What do they eat?

The type of foliage the inchworm feeds upon will depend on its species. Some prefer trees and shrubs. These inchworms cause damage on apple trees, oaks, and sweet gums. Other species of inchworm prefer vegetable gardens, and will feast upon almost any vegetable you plant, including tomatoes, celery, beans, potatoes, cabbage, and radishes.

Prevention& treatment

The best type of prevention of an inchworm infestation is making sure your lawn or garden is hospital to the inchworm’s natural predators. Ground beetles, birds, Trichogramma wasps, yellow jackets, and paper wasps all prey upon the inchworm. So feeding songbirds, and installing birdhouses is a great way to get ahead of the problem.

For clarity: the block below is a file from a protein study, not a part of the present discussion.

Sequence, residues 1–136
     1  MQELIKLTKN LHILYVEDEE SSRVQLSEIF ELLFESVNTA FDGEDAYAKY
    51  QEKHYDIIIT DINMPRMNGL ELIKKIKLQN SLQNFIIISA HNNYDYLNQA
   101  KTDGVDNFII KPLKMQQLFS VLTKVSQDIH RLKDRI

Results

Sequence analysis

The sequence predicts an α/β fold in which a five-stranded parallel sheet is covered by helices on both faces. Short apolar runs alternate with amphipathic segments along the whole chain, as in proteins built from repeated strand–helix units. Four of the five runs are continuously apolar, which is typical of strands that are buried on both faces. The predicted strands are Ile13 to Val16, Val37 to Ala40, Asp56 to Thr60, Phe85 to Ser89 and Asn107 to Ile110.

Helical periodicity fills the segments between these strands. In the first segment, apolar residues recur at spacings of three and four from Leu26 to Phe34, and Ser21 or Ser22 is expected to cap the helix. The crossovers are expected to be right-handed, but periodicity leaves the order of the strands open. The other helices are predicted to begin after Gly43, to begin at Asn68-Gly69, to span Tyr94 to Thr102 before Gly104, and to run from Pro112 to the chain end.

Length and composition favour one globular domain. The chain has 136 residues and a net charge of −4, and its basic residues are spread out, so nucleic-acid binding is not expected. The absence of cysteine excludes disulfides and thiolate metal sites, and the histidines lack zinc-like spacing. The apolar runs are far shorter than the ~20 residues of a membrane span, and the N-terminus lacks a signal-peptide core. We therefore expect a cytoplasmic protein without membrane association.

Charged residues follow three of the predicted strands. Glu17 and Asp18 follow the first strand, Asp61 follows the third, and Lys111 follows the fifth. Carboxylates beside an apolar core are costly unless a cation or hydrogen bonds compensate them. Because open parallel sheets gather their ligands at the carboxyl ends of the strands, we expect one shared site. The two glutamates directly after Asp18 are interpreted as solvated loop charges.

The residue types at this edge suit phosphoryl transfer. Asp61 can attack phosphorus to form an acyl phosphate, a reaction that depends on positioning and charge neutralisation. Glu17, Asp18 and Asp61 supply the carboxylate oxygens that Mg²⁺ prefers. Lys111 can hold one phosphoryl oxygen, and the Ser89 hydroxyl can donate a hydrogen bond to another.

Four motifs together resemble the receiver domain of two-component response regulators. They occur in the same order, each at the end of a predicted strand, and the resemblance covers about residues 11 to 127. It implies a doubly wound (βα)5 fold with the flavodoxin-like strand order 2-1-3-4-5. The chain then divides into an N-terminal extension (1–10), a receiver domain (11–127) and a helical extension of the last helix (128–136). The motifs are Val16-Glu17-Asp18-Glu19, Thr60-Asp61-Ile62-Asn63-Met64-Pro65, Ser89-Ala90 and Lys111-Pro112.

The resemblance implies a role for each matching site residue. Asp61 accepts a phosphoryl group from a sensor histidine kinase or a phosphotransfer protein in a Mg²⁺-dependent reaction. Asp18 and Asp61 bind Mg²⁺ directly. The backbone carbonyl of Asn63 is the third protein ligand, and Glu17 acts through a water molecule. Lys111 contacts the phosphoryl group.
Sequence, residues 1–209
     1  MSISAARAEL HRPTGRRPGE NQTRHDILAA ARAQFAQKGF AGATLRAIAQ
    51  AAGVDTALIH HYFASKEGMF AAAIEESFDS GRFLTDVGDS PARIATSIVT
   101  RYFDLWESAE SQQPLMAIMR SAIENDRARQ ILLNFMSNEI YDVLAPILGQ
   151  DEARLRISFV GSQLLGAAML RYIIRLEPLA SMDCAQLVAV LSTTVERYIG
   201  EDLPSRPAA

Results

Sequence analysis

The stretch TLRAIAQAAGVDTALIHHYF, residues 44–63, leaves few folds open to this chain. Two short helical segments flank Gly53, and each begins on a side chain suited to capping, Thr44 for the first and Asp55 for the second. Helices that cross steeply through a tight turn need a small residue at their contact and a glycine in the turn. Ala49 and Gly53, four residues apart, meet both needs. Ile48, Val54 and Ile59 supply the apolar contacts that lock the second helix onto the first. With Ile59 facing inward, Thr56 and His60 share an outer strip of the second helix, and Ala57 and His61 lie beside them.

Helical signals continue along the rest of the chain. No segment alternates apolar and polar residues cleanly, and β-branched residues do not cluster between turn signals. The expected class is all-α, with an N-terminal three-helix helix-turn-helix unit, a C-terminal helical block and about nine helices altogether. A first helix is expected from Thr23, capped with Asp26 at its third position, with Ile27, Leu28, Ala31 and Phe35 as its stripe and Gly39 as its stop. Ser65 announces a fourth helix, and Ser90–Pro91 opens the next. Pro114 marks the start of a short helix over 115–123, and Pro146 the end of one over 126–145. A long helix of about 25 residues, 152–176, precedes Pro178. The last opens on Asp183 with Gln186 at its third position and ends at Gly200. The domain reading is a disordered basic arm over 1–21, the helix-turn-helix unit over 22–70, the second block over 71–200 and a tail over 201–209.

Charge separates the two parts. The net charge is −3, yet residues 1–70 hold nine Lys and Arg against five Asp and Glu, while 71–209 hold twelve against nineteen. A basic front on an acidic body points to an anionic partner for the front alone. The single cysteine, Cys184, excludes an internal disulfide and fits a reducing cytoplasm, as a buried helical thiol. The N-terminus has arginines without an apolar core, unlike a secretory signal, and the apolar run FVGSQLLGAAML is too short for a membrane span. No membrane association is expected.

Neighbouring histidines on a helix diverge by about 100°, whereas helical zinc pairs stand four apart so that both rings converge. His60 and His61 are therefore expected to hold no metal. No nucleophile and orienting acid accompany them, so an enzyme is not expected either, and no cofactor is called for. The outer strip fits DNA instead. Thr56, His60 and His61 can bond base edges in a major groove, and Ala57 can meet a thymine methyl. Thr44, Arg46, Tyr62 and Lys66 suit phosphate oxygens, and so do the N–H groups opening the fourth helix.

However, if the infestation is large enough to present significant damage, you may opt to hire a professional to take care of the problem. A professional extermination company may use any number of treatment options. Horticultural oils can be applied to trees, and Bacillus thuringiensis for vegetable gardens; oils will smother the worms, while Bacillus thuringiensis will cause the body of the worms to rot, while being harmless to humans. These methods may not work once the inchworm is larger than 1/2 inch, however, and inthat case, chemical insecticides may be needed to control the infestation.